The Toxic Avenger Musical

musicals and operas · good people theater company · Ages 13+ · United States of America

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June 07, 2016 certified reviewer

What I liked

Everything! Full writeup at , including pictures.

OK, I have this thing for off-beat, quirky, what might be called “Off Broadway” musicals. Be it Brain from Planet X, Evil Dead: The Musical, It Came From Beyond, Zombies from the Beyond, Zanna Don’t, or even The Rocky Horror Show (yes, it was a stage musical — and Off-Broadway at that, before the movie) — these little musicals are just a hell of a lot of fun. I also like to find musicals for which I’ve heard the music but never seen them on stage. Good People Theatre (FB)’s The Toxic Avenger Musical at the Hollywood Fringe Festival (FB) is a two-fer: a wonderful quirky musical that I’ve never seen before. It is a spectacular production that you are sure to enjoy.

The Toxic Avenger Musical is based on Lloyd Kaufman (FB)’s The Toxic Avenger. It was adapted for the stage by Joe DiPietro (Book and Lyrics) and David Bryan (Music and Lyrics) — the same team that did Memphis – The Musical. I guess I should say, following my conceit, that Kaufman did a wonderful job of adapting the stage show.

In any case, The Toxic Avenger Musical tells the story of a nerd, Melvin Ferd the Third, who secretly loves the town’s blind librarian, Sarah. Melvin also hates how his town of New Jersey has become a toxic waste pit. He investigates with a lead from Sarah, and discovers that the Mayor is behind the dumping of the toxic waste. He threatens to destroy her, and she sends her goons to take care of him. They dump him in a vat of toxic waste, and he emerges mean and green… and out to return New Jersey to the garden spot it is meant to be. After rescuing Sarah from attackers, she falls in love with him, believing him to be French (explaining the stench). So does the now christened Toxie save Tromaville, or does the Mayor win?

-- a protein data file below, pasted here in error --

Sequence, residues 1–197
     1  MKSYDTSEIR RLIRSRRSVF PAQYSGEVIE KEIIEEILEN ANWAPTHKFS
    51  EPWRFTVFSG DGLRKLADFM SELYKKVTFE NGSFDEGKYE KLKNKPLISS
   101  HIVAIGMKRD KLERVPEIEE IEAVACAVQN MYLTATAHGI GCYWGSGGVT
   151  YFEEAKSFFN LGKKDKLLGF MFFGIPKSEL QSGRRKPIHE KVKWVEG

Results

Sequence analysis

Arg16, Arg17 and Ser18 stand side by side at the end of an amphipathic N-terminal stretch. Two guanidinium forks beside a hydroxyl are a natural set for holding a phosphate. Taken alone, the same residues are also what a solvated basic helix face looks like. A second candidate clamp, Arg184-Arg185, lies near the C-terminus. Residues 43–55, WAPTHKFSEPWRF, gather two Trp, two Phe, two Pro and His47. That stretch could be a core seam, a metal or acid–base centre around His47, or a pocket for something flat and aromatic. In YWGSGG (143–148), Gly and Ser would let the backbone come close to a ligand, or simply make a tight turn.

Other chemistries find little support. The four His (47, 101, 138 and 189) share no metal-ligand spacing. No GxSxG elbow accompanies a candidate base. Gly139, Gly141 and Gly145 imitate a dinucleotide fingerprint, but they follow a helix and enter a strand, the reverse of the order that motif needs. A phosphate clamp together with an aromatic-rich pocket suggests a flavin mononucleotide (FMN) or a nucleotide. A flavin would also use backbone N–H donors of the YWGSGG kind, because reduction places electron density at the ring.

Yes, a comic story. Yes, a silly story. But one surprisingly relevant, based on concerns about toxic waste and global warming. The songs are infectious and upbeat, and I challenge you not to come out of this musical smiling. It is just great green toxic fun.

Of course, it is helped by spot on performances, under the direction of GPT’s Janet Miller (FB). Every time we’ve seen something Janet has done or directed, we have walked out impressed. Be it Fringe shows like Marry Me a Little or A Man of No Importance, or CSUN shows like Bat Boy, her direction guarantees a quality show. I’m not saying that to be nice. There are a few musical directors in Los Angeles who consistently do quality work in small theatres, folks like Richard Israel (FB) or Roger Bean (FB). Janet is part of that small group. If you see her name, go see her show.

Back to the performances, the cast in this was outstanding. Before I get to the mean green man himself, I want to highlight my favorite: Kim Dalton (FB). We saw Kim earlier this year in Chance’s Dogfight, and we were impressed. This time, we were blown away. Kristen Chenowith better watch out: this tiny package has a set of pipes on her that are astounding. I’m still thinking about “My Big French Boyfriend” , “Hot Toxic Love”, or “Choose Me, Oprah”. Further, her acting was great. In this show, she is playing a blind librarian. This could have degenerated quickly into caricature or farce, but she did it realistically, reminding me of a blind friend of mine. She was touching, funny, sexy, and just remarkable. I look forward to seeing her in more Southern California productions.